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Several Democrat lawmakers not on board with legalizing recreational marijuana yet

State Sen. Saud Anwar was among several Democratic state legislators to vote against the measure. Among his concerns: the minimum age proposed.

HARTFORD, Conn. — After more than five years of debates, state legislators are still wrestling with whether to legalize recreational marijuana - which Gov. Ned Lamont is pushing for - as the measure passed out of the Judiciary Committee on Tuesday.

"I think it’s time for Connecticut to do this on a very regulated basis otherwise I don’t want to also surrender it to the underground market which is really dangerous," Lamont said.

And the governor notes that several neighboring states have already legalized recreational marijuana.

"Look right down the street in Massachusetts, it’s legal," Lamont noted. "People are driving there. I am told you would see Connecticut license plates at the dispensaries."

State Senator Saud Anwar (D-South Windsor), a medical doctor, was among several Democratic state legislators to vote against the measure.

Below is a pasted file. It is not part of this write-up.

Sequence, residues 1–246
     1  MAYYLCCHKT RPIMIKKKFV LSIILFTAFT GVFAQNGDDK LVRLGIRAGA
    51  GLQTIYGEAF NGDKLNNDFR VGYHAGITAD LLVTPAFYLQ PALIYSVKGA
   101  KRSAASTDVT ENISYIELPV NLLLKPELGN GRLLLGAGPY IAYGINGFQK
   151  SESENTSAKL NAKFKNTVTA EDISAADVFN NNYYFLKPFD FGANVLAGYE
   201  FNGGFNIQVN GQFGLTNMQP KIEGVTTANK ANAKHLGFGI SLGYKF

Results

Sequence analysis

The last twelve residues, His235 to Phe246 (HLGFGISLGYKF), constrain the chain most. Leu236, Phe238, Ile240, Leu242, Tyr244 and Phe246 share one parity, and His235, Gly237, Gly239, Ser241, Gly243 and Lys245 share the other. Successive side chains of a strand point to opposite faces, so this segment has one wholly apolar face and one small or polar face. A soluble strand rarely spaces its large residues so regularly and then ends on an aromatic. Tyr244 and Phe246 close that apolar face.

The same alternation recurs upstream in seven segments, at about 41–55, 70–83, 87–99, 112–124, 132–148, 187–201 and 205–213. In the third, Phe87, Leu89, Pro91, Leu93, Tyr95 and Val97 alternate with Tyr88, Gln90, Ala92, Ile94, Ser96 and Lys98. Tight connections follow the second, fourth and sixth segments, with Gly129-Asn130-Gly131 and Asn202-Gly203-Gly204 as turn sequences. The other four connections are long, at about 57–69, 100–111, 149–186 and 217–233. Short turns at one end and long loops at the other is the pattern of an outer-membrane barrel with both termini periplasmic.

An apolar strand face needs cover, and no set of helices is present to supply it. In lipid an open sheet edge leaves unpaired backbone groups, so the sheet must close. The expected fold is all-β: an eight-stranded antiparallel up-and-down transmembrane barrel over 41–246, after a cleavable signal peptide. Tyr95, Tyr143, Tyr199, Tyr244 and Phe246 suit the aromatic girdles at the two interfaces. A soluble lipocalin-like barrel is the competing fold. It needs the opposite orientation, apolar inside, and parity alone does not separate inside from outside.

"I am looking at this legislation from a doctor's lenses," he said.

Among his concerns: the minimum age proposed.

"Twenty-one is too young based on medical studies and there are long-term implications," he said. "Twenty-five is a safer age."

Another concern: a combination of people drinking alcohol and smoking weed and their decision-making capacity when they do so.

"The legal limits of alcohol do not remain relevant if somebody is also consuming cannabis," Anwar said.

And he is concerned that this bill only calls for 15% of the funds generated to be used for prevention measures

"Our collective history of tobacco prevention money that has not been used for tobacco prevention," Anwar said.

Lamont said the subject of marijuana legislation is interesting to him.

When it goes to a vote of the people through some sort of a referendum it passes overwhelmingly," Lamont said. "When it goes to a legislature and a lot of telephone calls are made it’s slim or doesn’t pass."

And if it doesn’t pass the legislature, the governor said it will likely end up in a referendum.

"I think there’s a way to make this safer," Anwar said.

As the bill is presently written, each Connecticut community would have control over whether their municipality allows retail marijuana operations or not.

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